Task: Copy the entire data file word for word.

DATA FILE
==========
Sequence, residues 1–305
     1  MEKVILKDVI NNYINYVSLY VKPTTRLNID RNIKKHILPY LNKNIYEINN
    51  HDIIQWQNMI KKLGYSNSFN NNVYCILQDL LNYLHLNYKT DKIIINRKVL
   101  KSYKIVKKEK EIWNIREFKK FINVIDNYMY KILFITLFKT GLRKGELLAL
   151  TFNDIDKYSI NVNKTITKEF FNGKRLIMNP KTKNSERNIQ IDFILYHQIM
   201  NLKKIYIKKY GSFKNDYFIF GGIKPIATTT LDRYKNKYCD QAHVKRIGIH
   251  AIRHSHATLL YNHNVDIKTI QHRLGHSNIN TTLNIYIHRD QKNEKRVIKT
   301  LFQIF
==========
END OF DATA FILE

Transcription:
Sequence, residues 1–305
     1  MEKVILKDVI NNYINYVSLY VKPTTRLNID RNIKKHILPY LNKNIYEINN
    51  HDIIQWQNMI KKLGYSNSFN NNVYCILQDL LNYLHLNYKT DKIIINRKVL
   101  KSYKIVKKEK EIWNIREFKK FINVIDNYMY KILFITLFKT GLRKGELLAL
   151  TFNDIDKYSI NVNKTITKEF FNGKRLIMNP KTKNSERNIQ IDFILYHQIM
   201  NLKKIYIKKY GSFKNDYFIF GGIKPIATTT LDRYKNKYCD QAHVKRIGIH
   251  AIRHSHATLL YNHNVDIKTI QHRLGHSNIN TTLNIYIHRD QKNEKRVIKT
   301  LFQIF